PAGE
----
All across the country, we’re watching communities go through the same thing we went through here in New York, people testing positive for coronavirus disease (or COVID-19), and then the mad scramble for hospital beds, ventilators, personal protective equipment. Hospital staff enduring the experience of watching patients’ health deteriorating rapidly, having to deliver painful messages to loved ones, having to explain why they can’t stay by their loved one’s side.
I’ve been here. I know the trauma. It hurts on a deep and abiding level. It hurts to watch someone else experience it, and know you can’t erase that pain for them.
I knew early on that this virus would be a nightmare for Black America. The moment it was reported that this virus affects those with compromised immune systems (also known as “immunocompromised”), it was clear: this virus would be hell on wheels in our cities.
And, so it was.
According to the latest data about which communities are the most adversely affected, well, it’s exactly what many of us thought. And these are merely the rates of hospitalization—this is only the cases severe enough to warrant a trip to the ER. We have no idea how many people are suffering in the privacy of their own homes.
In cities across America, the numbers are stomach-churning. In numerous reports issued in late April and early May, we saw whole cities where over 60, 70, 80% of those hospitalized were Black and brown.
And then, the narrative was set: Sure, the disease might be deadly and dangerous, but it’s only really killing Black people, so… that’s technically their problem, not ours, so we can go back to normal again, right?
Worse off, it has been implied that our sky-high death rates from COVID-19 is directly linked to—something that’s just as much as a dog whistle as “welfare queen”—our cleanliness. In a hearing on the disease and its disparate outcomes, Ohio State Senator Steve Huffman, who is reportedly also an emergency room doctor, asked:
“My point as I understand African Americans have a higher incidence of chronic conditions and it makes them more susceptible to death from COVID,” Huffman said in a public hearing.
“But why it doesn’t make them more susceptible to just get COVID. Could it just be that African Americans or the colored population do not wash their hands as well as other groups or wear a mask or do not socially distance themselves? That could be the explanation of the higher incidence?” [source]
We are dirty and unhealthy, and our deaths are not something wider society should concern itself with because it isn’t a societal problem—it’s a matter of us failing at our personal responsibility to be… clean enough.
From here, the drain-swirling began.
No effort intended to slow down or stop the spread of the virus was worth it. It was painted as “not that dangerous” and “not worth destroying the economy,” even as Black people were lying in hospital beds, depending on ventilators to live. It wasn’t worth enforcing a legitimate lockdown to save lives, all while we watched public health experts beg us to stay home to protecting essential workers from unnecessary exposure, workers who were predominantly Black and brown. People were unwilling to sacrifice to save their fellow man primarily because, at that time, the majority of the lives affected, were Black and brown ones.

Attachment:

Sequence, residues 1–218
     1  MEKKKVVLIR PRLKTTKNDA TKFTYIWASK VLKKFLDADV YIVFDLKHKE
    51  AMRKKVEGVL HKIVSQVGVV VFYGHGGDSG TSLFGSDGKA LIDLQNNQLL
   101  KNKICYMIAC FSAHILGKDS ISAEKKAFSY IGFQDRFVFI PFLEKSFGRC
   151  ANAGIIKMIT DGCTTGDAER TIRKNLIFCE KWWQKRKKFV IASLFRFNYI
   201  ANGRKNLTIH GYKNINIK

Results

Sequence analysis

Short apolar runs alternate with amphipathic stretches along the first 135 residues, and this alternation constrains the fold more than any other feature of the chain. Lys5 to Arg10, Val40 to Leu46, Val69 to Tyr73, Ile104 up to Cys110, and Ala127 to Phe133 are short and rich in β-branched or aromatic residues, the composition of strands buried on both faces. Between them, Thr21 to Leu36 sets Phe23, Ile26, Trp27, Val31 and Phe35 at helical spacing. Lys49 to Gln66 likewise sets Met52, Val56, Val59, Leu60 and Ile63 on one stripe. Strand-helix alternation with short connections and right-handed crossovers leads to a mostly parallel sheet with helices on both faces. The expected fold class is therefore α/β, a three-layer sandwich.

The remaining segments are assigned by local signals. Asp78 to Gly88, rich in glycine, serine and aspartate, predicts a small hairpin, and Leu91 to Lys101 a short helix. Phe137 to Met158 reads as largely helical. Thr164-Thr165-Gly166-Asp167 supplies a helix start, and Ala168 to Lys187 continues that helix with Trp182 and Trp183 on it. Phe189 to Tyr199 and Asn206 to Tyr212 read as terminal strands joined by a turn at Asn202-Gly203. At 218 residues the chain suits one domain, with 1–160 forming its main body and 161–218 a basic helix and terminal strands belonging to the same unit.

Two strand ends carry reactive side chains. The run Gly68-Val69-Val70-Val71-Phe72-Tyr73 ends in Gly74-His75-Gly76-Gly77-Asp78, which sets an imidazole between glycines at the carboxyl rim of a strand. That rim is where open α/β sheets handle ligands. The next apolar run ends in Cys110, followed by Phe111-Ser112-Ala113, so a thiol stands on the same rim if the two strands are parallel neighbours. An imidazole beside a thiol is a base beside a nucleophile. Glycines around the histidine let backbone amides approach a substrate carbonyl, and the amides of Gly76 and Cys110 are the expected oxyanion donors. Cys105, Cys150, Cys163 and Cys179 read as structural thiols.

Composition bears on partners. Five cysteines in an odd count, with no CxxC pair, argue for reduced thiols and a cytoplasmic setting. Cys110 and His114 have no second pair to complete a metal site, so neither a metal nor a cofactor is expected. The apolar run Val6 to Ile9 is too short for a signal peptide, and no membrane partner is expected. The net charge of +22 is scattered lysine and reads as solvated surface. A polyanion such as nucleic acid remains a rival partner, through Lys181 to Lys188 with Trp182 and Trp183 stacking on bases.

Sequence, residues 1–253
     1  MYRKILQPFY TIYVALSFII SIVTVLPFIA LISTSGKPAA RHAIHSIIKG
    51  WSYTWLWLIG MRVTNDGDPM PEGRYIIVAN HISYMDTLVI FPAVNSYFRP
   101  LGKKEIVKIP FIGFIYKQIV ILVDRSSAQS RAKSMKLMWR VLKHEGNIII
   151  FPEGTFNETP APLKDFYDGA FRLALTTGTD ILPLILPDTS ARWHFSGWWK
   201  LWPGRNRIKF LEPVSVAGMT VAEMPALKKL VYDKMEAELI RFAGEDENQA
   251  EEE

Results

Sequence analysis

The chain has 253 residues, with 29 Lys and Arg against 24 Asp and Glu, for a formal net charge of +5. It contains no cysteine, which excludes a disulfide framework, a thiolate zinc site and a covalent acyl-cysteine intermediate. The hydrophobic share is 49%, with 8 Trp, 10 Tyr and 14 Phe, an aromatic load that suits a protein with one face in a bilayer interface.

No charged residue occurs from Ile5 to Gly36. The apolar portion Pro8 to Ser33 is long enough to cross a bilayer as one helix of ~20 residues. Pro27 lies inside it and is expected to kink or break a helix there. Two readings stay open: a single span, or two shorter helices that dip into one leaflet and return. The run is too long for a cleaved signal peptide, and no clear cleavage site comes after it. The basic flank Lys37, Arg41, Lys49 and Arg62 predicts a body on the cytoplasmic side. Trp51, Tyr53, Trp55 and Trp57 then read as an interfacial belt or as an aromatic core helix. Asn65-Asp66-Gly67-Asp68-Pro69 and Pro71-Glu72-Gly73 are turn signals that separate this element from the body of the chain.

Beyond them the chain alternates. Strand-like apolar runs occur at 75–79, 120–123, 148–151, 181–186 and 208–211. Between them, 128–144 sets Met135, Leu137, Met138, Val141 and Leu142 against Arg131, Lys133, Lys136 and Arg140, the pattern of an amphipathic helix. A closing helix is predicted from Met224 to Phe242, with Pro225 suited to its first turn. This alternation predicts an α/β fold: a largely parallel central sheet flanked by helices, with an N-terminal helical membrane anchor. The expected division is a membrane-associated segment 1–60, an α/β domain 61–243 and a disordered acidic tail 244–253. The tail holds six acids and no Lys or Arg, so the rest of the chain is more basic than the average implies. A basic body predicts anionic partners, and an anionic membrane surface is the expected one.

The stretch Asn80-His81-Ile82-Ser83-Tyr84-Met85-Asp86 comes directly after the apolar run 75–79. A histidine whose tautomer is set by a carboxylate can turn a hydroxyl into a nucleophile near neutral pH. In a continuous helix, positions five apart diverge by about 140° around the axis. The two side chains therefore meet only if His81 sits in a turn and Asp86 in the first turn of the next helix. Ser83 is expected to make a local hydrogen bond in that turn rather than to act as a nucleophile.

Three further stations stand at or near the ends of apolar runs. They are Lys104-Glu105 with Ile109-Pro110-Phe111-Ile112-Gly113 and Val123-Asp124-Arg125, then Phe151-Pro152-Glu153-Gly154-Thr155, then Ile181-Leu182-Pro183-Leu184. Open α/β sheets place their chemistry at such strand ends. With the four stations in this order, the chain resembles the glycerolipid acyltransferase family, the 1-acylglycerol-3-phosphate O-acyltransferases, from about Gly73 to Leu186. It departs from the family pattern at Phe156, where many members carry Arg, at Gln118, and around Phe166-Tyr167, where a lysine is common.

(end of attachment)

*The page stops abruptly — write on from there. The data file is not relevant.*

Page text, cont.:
It’s not even worth it to wear a mask. Several states refusing to enforce some kind of mask requirement on its residents—presumably because it isn’t politically expedient to tell people the one thing that can save the lives of their family, friends, and neighbors is the one thing these people don’t want to do: sacrifice to save another human life, especially if that life is a Black one.
This is why we are watching several states [not named New York] experience something none of us have ever seen in our lifetimes: a plague that steals the lives of loved ones and, because they are immediately quarantined from you, you don’t even get the chance to give a proper goodbye.
What we are witnessing is a culture of apathy, treating a public health crisis as no big deal, because it presumably only affects Black and brown people. “Their lives are not my concern. It’s okay to not care about what affects their lives, their communities, their families. That’s their responsibility. It’s okay to break the social contract when it comes to those people. It doesn’t affect me. It—they—don’t matter.”
To me, that’s raci—ahh, never mind.
The spell of this apathy was only broken when it was clear that younger, whiter, more fit people were succumbing to the virus, too. And, by now, it appears as thought it might be too late.
The refusal to do the basic work that could save the lives of the Black and brown people who dominate essential work positions, the Black and brown people who suffer in greater numbers, delivers a message. You can’t claim that “all lives matter” in one breath, and refuse to protect those lives in the next. Either you believe Black lives matter, and are worth the collective sacrifice, or you don’t.
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